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Major waste disposal crisis looming
Bin bags on a street
In the future could rubbish pile up in Gloucestershire?
Last updated: 04 May 2004 1824 BST
lineAccording to the Wildlife Trust, Gloucestershire is facing a major waste disposal crisis in less than a decade.
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Gloucestershire Wildlife Trust

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Gloucestershire only has 11 years of landfill space left. Devon and Cornwall have run out already and are transporting waste to other counties.

The average Gloucestershire household produces 100 black bags of waste each year – around 1 tonne, the weight of a family car

A massive 43% of this household rubbish is organic material which could be composted

Gloucestershire-wide, this adds up to more than 100,000 tonnes of organic waste going to landfill that could be composted locally and reused as a natural resource in our gardens

In May last year the Government announced it’s proposals for the reduction of household waste, including a target for half of all homes to be composting by 2006
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Currently the county produces more than 260,000 tonnes of household rubbish every year and with household waste levels rising by 3% per annum, quantities are set to double in just over 20 years.

In the next decade, as our landfill sites approach capacity, the county will be faced with having to expand by creating new sites, or polluting the environment through waste incineration.

However, according to the Gloucestershire Wildlife Trust, a cheap and easy solution to the problem could be closer than we think - home composting.

Home composting

The Wildlife Trust is urging individuals and communities to start taking composting seriously as a means of cutting down the amount of waste that has to dealt with in conventional ways.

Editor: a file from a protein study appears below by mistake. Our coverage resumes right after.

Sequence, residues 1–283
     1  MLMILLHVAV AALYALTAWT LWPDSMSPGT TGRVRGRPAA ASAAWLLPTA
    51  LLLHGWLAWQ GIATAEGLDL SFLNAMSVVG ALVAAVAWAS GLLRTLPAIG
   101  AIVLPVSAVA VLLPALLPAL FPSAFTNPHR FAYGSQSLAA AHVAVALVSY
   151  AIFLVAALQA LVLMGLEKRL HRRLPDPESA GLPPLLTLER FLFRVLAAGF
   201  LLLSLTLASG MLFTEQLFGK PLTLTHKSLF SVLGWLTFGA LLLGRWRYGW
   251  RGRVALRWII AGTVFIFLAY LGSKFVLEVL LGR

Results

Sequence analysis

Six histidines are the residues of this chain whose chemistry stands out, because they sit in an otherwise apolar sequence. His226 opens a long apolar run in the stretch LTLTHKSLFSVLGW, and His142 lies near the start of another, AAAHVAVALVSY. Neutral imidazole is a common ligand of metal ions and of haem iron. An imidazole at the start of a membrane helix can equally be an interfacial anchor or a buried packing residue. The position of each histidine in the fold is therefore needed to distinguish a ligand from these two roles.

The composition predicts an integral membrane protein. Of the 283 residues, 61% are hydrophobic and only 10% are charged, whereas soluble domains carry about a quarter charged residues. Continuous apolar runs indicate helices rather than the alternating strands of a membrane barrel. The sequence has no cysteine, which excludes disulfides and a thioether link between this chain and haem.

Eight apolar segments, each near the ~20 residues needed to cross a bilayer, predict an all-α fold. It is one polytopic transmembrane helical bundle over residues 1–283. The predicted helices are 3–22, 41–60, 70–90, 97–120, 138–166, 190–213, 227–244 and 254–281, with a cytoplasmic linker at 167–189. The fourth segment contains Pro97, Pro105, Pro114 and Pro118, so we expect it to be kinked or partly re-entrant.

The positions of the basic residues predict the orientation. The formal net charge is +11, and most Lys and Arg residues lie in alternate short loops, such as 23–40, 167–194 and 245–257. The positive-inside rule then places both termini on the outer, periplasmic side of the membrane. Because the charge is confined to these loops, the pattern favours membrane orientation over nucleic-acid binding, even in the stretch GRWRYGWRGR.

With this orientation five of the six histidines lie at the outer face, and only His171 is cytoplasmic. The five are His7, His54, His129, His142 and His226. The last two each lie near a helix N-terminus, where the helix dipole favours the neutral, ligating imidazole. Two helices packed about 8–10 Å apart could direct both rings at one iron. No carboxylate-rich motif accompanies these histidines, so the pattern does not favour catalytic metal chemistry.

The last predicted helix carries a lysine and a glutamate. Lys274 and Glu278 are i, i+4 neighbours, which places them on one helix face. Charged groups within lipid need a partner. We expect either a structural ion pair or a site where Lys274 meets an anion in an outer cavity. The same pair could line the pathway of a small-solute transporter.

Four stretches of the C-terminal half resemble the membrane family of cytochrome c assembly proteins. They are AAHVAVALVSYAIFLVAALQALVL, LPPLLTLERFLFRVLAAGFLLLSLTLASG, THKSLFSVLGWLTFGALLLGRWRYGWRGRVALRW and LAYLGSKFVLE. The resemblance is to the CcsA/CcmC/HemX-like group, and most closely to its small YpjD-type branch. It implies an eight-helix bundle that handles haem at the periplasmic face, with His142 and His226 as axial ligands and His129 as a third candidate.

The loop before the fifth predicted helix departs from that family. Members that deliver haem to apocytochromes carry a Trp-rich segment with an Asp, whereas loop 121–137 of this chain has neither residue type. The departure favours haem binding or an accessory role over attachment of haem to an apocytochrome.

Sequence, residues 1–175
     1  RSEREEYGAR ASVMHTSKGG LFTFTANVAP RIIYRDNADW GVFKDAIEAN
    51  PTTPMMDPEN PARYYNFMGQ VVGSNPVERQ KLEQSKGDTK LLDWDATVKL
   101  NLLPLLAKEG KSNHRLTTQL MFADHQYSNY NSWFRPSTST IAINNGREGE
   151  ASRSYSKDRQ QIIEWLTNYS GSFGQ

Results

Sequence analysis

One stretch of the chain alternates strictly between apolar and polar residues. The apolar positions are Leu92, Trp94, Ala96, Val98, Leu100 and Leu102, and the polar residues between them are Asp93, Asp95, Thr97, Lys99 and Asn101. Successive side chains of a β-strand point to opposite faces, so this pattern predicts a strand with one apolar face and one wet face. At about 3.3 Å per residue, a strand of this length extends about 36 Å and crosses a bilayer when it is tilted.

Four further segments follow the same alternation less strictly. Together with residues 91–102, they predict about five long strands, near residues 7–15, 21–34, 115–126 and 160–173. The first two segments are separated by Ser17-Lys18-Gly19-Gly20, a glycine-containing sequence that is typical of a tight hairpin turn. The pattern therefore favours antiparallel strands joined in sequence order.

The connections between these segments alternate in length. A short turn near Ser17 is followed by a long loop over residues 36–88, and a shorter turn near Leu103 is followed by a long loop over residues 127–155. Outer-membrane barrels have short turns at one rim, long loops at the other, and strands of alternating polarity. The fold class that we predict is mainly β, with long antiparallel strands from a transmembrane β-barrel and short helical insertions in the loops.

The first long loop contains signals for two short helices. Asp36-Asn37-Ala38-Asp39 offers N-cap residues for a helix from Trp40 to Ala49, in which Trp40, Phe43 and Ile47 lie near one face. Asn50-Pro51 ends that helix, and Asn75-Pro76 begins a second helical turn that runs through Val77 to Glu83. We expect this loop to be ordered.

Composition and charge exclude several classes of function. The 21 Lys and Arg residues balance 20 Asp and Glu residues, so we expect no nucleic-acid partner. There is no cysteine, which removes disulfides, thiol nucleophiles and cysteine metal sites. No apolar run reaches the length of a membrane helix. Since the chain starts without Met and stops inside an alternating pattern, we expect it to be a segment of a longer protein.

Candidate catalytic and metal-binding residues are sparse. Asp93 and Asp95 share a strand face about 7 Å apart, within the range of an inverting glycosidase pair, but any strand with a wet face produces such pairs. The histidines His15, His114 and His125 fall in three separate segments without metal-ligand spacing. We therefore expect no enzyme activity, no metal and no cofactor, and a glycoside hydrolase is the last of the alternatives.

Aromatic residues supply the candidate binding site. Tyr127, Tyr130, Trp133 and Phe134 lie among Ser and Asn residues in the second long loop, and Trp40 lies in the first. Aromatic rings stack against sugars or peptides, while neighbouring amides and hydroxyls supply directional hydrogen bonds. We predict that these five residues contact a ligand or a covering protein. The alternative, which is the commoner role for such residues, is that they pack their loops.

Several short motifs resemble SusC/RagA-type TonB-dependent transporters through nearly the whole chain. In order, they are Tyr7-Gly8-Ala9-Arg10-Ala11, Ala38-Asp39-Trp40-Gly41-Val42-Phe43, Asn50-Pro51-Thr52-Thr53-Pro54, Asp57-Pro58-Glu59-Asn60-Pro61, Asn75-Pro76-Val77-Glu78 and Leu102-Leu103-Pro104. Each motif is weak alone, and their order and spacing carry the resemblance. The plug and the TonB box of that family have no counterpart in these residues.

The Wildfire Trust says composting is a realistic way of disposing of almost 50% of what would otherwise go into landfill and if everyone composted, it would result in a massive reduction in waste levels.

Let's face it, it's down to us to make the effort to reduce the amount of waste we generate and composting could be a simple and painless way to do just that.

So how does home composting work?

Home composting is environmentally friendly and easier than you think.

According to the Wildlife Trust, you can compost the following waste items that would otherwise be heading for the landfills:

  • kitchen waste such as peelings, teabags, egg shells and so on
  • paper products like old tissues, used kitchen towel, egg boxes, scrunched card, documents - these all need to be shredded first to help decomposition
  • bedding from vegetarian pets like rabbits and hamsters
  • pure wool jumpers and cotton rags
  • wood-ash

Dog and cat poo, coal ash, metal, glass, plastic, nappies, meat or fish and cooked food shouldn't be composted.

How to compost

If you have a garden there are a number of ways you can compost your waste.

  • Pile it all in a big heap and cover with something waterproof - nature will do the rest!
  • Buy a compost bin for around £15
  • If you're feeling handy, build your own box to store the waste for the compost.

What about people who don't have a garden to get involved with the composting? Well, don't worry because there are options available to you...

  • If somebody drinks tea, you can add the tea leaves from the bags to the plants in you house. Apparently this provides excellent nutrients and encourages growth.
  • Invest in a wormery because these little creatures can break down waste in record time!

More information

One of these days we're all going to have to take responsibility to safeguard our environment - maybe home composting is the first step. It could be a project you start with your kids!

For a copy of the composting fact file call the Wildlife Trust on 01452 383333 or visit their website.

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